Russian Sports Minister Vitaly Mutko on Aug. 18 once again defended his country’s law that bans gay propaganda to minors.
“We want to protect our children whose psyches have not formed from the propaganda of drug use, drunkenness and non-traditional sexual relations,” he said during a press conference in Moscow as the Associated Press reported.
Mutko also said the law that President Vladimir Putin signed in June will not affect athletes and others who attend the 2014 Winter Olympics that will take place in Sochi, Russia, in February.
“I can say once again that the freedoms of Russians and foreign athletes and guests who come to Sochi will be absolutely protected,” Mutko said.
Growing outrage over the gay propaganda law and Russia’s LGBT rights record continues to threaten to overshadow the Sochi games.
Russian chess champion Gary Kasparov and playwright Harvey Fierstein are among those who have called for a boycott of the Olympics. Author Dan Savage, LGBT rights advocate Cleve Jones and others have called for a boycott of Russian vodka.
Gay Olympic diver Greg Louganis, who was unable to compete in the 1980 Summer Olympics in Moscow because then-President Jimmy Carter boycotted them over the Soviet Union’s invasion of Afghanistan the year before, is among those who feel the U.S. should compete in Sochi. President Obama, retired tennis champion Martina Navratilova and a number of LGBT advocacy groups that include Athlete Ally also oppose an Olympic boycott.
Athletes take sides on anti-gay law
American runner Nick Symmonds criticized Russia’s gay propaganda ban after he competed at the World Athletic Championships in Moscow last week. High jumper Emma Green Tregaro and sprinter Mao Hjelmer, who are from Sweden, painted their fingernails in rainbow colors as they competed in the same event.
The AP reported Green Tregaro wore red fingernail polish as she competed in a high jump competition on Aug. 17 because Swedish athletic officials reportedly asked her to change their color.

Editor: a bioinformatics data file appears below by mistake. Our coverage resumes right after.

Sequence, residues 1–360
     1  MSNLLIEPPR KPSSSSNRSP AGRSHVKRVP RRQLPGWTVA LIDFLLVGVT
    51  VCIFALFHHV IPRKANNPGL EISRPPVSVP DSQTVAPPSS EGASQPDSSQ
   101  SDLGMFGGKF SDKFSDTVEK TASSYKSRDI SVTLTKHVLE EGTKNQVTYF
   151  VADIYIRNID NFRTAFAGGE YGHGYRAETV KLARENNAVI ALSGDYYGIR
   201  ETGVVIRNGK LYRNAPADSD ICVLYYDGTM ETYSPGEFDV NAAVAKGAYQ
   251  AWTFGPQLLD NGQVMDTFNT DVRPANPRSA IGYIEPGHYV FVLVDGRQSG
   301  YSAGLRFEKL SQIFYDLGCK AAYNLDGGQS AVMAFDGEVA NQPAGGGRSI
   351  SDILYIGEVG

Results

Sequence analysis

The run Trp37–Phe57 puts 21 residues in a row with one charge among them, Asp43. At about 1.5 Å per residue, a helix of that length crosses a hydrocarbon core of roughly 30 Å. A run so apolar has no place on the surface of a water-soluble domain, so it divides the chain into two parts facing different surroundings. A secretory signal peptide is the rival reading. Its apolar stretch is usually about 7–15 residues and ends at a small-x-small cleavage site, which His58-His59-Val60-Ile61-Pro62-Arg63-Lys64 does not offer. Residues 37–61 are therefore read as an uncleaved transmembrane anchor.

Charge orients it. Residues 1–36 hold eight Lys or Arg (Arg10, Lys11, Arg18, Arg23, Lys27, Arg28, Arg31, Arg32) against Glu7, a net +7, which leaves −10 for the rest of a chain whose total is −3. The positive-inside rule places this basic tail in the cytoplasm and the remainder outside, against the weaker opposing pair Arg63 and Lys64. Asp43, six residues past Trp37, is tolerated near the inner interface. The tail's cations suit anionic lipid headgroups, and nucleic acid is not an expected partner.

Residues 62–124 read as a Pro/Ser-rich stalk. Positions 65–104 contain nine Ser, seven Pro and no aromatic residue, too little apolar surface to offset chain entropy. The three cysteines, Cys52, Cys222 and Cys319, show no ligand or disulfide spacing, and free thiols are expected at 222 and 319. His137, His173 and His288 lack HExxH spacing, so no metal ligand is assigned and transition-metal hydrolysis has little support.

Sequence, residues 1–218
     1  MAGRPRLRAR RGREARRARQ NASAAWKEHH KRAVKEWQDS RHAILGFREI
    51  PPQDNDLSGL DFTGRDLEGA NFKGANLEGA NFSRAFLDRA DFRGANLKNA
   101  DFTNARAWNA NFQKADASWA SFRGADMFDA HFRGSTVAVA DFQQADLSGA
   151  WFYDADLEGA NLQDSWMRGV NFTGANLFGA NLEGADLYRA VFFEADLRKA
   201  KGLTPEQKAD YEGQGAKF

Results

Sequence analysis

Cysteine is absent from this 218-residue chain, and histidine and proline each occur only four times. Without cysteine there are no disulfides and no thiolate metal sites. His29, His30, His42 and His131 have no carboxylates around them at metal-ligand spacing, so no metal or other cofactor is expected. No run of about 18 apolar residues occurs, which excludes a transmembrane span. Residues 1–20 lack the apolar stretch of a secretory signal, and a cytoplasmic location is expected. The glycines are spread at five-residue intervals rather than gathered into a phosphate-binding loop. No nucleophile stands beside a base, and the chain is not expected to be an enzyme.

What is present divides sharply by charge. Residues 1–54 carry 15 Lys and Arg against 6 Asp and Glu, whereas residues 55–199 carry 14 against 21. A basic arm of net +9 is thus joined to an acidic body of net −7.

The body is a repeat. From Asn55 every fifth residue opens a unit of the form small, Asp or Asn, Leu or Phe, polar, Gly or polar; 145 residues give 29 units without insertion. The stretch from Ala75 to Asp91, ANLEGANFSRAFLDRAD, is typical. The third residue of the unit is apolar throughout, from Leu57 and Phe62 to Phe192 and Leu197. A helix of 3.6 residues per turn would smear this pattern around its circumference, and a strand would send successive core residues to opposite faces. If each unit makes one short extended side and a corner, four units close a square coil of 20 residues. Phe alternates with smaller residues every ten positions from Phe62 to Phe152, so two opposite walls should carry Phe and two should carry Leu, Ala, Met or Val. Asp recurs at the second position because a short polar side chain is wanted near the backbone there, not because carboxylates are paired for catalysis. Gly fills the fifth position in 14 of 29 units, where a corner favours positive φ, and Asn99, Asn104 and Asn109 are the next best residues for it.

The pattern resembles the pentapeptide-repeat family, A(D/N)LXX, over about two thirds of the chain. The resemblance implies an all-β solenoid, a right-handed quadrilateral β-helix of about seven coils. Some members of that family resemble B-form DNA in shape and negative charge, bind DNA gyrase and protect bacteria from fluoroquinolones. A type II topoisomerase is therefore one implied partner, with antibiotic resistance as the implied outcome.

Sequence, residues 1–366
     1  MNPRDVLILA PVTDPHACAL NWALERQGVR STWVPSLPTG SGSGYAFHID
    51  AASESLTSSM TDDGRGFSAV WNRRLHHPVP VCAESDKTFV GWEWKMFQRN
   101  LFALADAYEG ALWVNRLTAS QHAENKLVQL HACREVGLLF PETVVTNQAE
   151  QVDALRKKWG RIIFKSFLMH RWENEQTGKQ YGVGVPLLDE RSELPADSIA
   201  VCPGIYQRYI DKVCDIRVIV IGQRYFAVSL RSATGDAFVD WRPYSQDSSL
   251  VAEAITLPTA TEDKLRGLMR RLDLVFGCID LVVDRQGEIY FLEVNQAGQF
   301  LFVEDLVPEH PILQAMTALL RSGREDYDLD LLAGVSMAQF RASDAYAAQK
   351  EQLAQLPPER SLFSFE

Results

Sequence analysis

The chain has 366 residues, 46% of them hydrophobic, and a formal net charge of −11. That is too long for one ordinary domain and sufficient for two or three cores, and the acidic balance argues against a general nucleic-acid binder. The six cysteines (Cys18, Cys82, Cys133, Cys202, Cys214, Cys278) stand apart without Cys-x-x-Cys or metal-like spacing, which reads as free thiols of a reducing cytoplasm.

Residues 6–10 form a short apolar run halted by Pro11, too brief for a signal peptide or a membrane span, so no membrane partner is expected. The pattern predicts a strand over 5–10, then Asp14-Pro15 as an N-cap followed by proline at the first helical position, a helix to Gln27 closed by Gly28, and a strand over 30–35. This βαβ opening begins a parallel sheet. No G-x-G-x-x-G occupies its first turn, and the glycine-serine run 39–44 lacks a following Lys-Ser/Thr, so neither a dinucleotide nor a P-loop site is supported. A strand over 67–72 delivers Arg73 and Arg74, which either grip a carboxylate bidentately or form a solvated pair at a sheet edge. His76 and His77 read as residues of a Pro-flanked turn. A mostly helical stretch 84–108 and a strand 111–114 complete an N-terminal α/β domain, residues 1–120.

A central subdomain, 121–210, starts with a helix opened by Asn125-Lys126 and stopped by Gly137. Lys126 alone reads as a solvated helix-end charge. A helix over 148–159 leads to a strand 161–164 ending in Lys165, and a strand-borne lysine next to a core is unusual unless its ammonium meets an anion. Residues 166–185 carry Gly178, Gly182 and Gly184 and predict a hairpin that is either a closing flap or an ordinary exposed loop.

Yelena Isinbayeva, a Russian Olympic pole vault champion, criticized Green Tregaro and Hjelmer during an Aug. 15 press conference after she won her third world title at the World Athletic Championships. Isinbayeva also defended the gay propaganda law.
“We have our law that everyone has to respect,” she said.
Kseniya Ryzhova told Russian reporters during a Moscow press conference earlier this week that she felt insulted over reports that suggested she and Tatyana Firoya challenged the gay propaganda law when they kissed on the medal podium at the World Athletic Championships on Aug. 18 after they won the women’s 4 x 400 meter rally.
“There was no hidden political motive,” Ryzhova said, as Reuters reported.
Meanwhile, the Miss Universe Organization on Aug. 20 expressed concern over the gay propaganda law and the ongoing anti-LGBT crackdown in Russia.
“The law, as well as the violence experienced by the LGBT community in Russia, are diametrically opposed to the core values of our company,” it said in a statement that GLAAD released. “Our organization has always embodied a spirit of inclusion and is a celebration of people from all countries and walks of life.”
The statement comes less than a week after Andy Cohen told E! News he turned down a request to co-host the 2013 Miss Universe pageant that will take place in Moscow in November, in part, because “he didn’t feel right as a gay man stepping foot into Russia.” Francisco Pascuzzi, a gay man from Somerville, N.J., urged the Miss Universe Organization that Donald Trump co-owns with NBC Universal in a Change.org petition to relocate this year’s pageant from the Russian capital over the country’s LGBT rights record.
Cohen could not be reached for comment.
Trump’s representatives last week did not return the Washington Blade’s request for an interview.